The source said that Smith, who has pushed for a simplified bailout and an intent standard, was furious when he found out yesterday morning what had happened and charged off to the White House for a face-to-face meeting with the president where he demanded that it be changed.
"A lot of people in the White House were convinced that politically the best thing to do is cave-in . . . but the president agreed with the attorney general that he would not go along with the House bill," the source said.
The issue already has played a role in some congressional and local election contests. Rep. Wayne Dowdy (D-Miss.), who supported extension while his Republican opponent opposed it, won a special election earlier this year, returning to Democratic control a congressional seat previously held by Republicans.
Virginia Attorney General J. Marshall Coleman, who opposed extension, lost the race for governor of Virginia Tuesday to Democratic candidate Charles S. Robb, the state's lieutenant governor.
In addition, Ralph Neas of the Leadership Conference on Civil Rights said earlier this week that the civil rights community is planning to mobilize on the issue in the 1982 congressional elections.
Lawyers who specialize in the voting rights area complain that it is virtually impossible to prove intent in many cases, especially those where the persons who wrote the laws may have been dead for many years.
Laura Murphy of the American Civil Liberties Union, said, "We feel it's an outrage for the president to support an intent test. You would basically have to have people come out of their graves and confess that they had a racist motivation to show intent. I don't understand why the Republican Party would actually send this message to black people when the unemployment rate is going up."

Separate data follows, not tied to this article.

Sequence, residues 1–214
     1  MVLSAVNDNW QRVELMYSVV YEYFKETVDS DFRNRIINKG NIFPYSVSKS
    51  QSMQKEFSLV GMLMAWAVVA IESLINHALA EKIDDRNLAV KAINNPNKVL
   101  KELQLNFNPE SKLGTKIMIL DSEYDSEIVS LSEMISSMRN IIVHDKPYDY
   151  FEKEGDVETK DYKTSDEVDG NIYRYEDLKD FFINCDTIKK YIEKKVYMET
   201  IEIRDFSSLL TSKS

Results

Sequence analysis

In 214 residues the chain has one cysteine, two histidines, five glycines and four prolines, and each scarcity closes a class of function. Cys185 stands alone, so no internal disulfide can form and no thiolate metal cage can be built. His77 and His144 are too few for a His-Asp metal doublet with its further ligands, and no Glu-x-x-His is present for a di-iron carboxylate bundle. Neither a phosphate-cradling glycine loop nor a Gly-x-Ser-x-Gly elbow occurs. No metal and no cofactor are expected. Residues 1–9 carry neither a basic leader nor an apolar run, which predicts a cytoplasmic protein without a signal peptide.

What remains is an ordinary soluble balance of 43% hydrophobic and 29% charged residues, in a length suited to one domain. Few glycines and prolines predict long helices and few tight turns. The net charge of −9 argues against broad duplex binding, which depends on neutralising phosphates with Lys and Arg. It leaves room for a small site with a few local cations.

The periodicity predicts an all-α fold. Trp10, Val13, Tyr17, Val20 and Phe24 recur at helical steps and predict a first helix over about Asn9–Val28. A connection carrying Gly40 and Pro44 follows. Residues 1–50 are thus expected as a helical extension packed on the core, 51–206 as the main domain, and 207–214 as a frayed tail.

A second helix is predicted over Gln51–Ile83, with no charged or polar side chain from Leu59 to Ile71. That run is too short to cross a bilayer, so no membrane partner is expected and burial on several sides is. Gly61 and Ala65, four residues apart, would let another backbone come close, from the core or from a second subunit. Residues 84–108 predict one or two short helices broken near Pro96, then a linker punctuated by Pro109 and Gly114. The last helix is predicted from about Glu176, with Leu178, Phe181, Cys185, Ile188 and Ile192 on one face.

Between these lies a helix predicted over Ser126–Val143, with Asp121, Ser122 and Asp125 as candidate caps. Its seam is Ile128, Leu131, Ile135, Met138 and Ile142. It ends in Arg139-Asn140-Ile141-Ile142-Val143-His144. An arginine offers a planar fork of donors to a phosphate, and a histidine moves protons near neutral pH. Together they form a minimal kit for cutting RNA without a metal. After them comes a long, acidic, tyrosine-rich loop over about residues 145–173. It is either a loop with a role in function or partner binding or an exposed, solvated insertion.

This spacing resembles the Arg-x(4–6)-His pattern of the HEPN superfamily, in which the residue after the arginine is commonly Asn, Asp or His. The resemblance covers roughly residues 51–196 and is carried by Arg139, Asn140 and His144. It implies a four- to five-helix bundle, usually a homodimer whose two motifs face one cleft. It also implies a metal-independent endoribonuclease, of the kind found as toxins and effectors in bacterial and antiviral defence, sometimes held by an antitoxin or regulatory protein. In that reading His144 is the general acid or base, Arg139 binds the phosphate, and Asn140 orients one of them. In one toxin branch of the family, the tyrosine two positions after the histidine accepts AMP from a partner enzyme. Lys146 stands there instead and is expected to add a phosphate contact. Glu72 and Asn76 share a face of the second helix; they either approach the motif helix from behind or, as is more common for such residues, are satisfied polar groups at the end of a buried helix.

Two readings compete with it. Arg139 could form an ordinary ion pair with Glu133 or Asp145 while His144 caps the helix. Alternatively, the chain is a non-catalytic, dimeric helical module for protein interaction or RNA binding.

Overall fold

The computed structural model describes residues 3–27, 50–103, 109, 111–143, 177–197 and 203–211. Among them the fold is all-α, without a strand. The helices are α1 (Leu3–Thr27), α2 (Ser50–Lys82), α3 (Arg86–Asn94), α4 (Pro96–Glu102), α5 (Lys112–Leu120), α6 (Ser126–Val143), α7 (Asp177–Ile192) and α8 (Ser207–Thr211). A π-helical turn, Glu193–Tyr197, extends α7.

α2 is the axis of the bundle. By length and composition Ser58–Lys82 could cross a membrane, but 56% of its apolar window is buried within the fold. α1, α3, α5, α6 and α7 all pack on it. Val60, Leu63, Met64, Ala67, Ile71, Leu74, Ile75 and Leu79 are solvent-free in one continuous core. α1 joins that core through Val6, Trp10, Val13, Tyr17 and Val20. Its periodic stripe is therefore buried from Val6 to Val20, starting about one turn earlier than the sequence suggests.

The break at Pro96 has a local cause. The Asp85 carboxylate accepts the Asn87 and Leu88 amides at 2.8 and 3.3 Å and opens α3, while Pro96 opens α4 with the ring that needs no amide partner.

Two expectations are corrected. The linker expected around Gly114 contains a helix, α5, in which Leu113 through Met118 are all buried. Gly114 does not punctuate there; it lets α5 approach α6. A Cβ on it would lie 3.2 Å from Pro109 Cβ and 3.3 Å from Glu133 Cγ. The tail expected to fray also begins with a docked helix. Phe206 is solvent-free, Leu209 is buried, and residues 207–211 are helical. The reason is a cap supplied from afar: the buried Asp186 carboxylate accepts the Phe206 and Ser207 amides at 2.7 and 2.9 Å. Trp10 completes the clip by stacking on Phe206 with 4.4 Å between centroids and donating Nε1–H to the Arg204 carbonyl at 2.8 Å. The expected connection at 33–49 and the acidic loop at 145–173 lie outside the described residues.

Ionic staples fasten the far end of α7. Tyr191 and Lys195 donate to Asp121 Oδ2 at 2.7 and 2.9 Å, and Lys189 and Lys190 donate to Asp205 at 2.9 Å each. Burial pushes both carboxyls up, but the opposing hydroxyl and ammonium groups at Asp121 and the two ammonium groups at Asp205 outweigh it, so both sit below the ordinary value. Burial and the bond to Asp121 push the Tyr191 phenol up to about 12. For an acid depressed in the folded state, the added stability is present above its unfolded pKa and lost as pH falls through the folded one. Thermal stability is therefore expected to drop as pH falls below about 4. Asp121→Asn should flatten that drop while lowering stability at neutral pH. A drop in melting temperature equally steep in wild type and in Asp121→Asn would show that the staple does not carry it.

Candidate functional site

Sen. Edward M. Kennedy, (D-Mass.), a strong supporter of the voting rights extension, said that any expansion of the bailout provisions beyond what had already been approved by the House would amount to "a back-door repeal of the most critical safeguards in the act."
The debate over voting rights was also an emotional issue for blacks inside the Reagan administration.
Two black White House aides, Mel Bradley and Steve Rhodes, asked for and were given the opportunity to speak to the Cabinet Wednesday on behalf of the House-passed version. Bradley had accompanied former senator Edward M. Brooke to a meeting with the president the day before where both had lobbied for the House bill.
At the Cabinet meeting, following Bradley's presentation, Pierce went along with Smith in saying that the bailout provisions in the House bill were too tough, but he would not go along with an intent standard.
Pierce reportedly suggested to Reagan that he not endorse any specific legislation but issue instead a statement favoring a strong voting rights bill with "reasonable" bailout provisions.
Health and Human Services Secretary Richard S. Schweiker and Trade Representative Bill Brock spoke in strong support of Bradley, saying they also favored the House bill. Energy Secretary James B. Edwards and White House aide Lyn Nofziger agreed with Smith.
Later, civil rights groups expressed anger over Pierce's comments. He had not consulted them before the meeting nor had he talked with Bradley, and all had assumed he would remain silent during the Cabinet discussion. Pierce, upon learning that civil rights lobbyists were saying he had undercut Bradley, heatedly denied that he had.